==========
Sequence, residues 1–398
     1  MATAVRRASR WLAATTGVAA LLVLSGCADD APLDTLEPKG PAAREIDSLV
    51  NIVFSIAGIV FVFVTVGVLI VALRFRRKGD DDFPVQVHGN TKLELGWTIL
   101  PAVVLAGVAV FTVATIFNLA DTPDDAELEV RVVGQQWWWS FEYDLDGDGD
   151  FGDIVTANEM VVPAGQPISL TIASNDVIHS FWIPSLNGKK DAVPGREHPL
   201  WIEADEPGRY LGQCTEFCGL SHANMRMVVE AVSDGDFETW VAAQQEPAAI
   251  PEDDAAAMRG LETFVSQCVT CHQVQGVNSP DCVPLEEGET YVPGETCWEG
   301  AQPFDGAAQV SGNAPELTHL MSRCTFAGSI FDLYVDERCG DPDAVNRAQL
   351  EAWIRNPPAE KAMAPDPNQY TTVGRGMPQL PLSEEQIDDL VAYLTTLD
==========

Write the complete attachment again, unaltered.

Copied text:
Sequence, residues 1–398
     1  MATAVRRASR WLAATTGVAA LLVLSGCADD APLDTLEPKG PAAREIDSLV
    51  NIVFSIAGIV FVFVTVGVLI VALRFRRKGD DDFPVQVHGN TKLELGWTIL
   101  PAVVLAGVAV FTVATIFNLA DTPDDAELEV RVVGQQWWWS FEYDLDGDGD
   151  FGDIVTANEM VVPAGQPISL TIASNDVIHS FWIPSLNGKK DAVPGREHPL
   201  WIEADEPGRY LGQCTEFCGL SHANMRMVVE AVSDGDFETW VAAQQEPAAI
   251  PEDDAAAMRG LETFVSQCVT CHQVQGVNSP DCVPLEEGET YVPGETCWEG
   301  AQPFDGAAQV SGNAPELTHL MSRCTFAGSI FDLYVDERCG DPDAVNRAQL
   351  EAWIRNPPAE KAMAPDPNQY TTVGRGMPQL PLSEEQIDDL VAYLTTLD